How Did Pompey Change Rome

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Crassus, Pompey, and Julius Caesar. Three individuals that helped change Rome from Republic to Empire and had some of the biggest impacts on Rome. They were three of the most powerful leaders, and when their power and forces combined, the First Triumvirate started. Going from Republic to Empire, Rome went through many changes starting from individual influences, cultural and group influences, to taking on a whole new religion. “A triumvirate is a government by three people, all with equal power” (McGraw Hill 135). With these three individuals’ wealth and power combined together, it helped enable them to achieve their basic aims and dominate the political scene. However, when Pompey was defeated and Crassus was killed, everything was left…show more content…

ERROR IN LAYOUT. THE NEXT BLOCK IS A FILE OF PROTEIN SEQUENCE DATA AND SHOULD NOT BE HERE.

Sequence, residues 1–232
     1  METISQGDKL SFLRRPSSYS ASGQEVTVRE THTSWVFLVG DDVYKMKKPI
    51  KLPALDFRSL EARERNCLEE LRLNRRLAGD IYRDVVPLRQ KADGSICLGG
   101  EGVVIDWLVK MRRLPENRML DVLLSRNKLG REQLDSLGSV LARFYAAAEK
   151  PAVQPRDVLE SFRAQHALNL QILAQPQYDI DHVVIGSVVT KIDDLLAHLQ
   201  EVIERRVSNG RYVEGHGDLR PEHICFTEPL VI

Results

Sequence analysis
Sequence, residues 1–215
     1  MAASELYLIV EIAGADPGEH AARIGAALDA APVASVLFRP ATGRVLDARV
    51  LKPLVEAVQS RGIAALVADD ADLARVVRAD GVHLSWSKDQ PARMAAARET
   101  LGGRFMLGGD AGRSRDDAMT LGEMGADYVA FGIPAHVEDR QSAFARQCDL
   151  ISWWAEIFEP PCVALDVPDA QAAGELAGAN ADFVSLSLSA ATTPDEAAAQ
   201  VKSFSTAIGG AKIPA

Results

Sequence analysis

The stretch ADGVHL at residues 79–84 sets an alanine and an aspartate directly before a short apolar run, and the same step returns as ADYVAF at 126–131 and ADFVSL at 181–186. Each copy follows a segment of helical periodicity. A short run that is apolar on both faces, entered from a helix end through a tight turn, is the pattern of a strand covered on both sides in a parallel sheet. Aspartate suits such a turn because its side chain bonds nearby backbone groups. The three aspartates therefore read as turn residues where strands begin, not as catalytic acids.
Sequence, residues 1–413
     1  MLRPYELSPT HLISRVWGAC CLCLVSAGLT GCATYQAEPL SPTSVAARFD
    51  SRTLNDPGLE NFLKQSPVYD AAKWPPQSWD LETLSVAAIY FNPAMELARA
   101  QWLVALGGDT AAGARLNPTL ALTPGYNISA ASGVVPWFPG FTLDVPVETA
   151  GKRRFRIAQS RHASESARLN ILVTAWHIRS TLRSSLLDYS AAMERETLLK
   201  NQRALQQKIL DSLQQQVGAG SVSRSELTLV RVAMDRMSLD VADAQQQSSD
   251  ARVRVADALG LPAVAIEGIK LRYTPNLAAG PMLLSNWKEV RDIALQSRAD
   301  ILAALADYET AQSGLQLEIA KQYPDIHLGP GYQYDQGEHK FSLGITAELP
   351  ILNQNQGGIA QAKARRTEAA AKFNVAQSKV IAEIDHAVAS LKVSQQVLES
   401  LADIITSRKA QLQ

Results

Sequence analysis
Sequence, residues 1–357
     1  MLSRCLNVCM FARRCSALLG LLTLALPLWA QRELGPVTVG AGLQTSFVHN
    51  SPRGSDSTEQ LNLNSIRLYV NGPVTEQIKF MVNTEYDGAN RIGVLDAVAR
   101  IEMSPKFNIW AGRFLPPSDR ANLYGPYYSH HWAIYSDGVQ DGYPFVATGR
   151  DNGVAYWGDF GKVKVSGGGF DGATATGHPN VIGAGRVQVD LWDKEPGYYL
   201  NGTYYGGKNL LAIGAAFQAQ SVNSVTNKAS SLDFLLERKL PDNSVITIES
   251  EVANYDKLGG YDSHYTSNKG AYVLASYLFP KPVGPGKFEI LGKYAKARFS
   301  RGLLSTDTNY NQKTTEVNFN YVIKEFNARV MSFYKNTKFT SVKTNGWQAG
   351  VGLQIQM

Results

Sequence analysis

The children were taught and raised at home, and taught by the Greek slaves. The boys were trained early to be soldiers, and the childhood age ended for them at 16, with a special ceremony to go along with it. Girls were to be married at age 14, but it was more common at age 12. By the A.D. 100s, upper class women began to receive more rights. They could attend races, the theater, and inherit, own, and sell land. Slavery was very common in the Roman families and Rome in general. Slaves were used as cooks, waiters, shop assistants, craftspeople, and so much more. The slaves soon became tired of this, and many began to revolt. The most famous was by the gladiator, Spartacus, who captured, crucified, and defeated many Romans. The city of Rome was known for theaters, governmental buildings, theaters, amphitheaters, and great magnificence. Despite Rome’s superlative looks, it did have its flaws. Rome became very overcrowded, busy, noisy, and many robberies and assaults took place. There was always and separation between the poor and rich. The rich lived comfortably with many luxuries, while the poor lived in homes such as “insulaes- poorly built apartments made out of concrete” (McGraw Hill 144)-and didn’t have many advantages. Their homes often set on fire as
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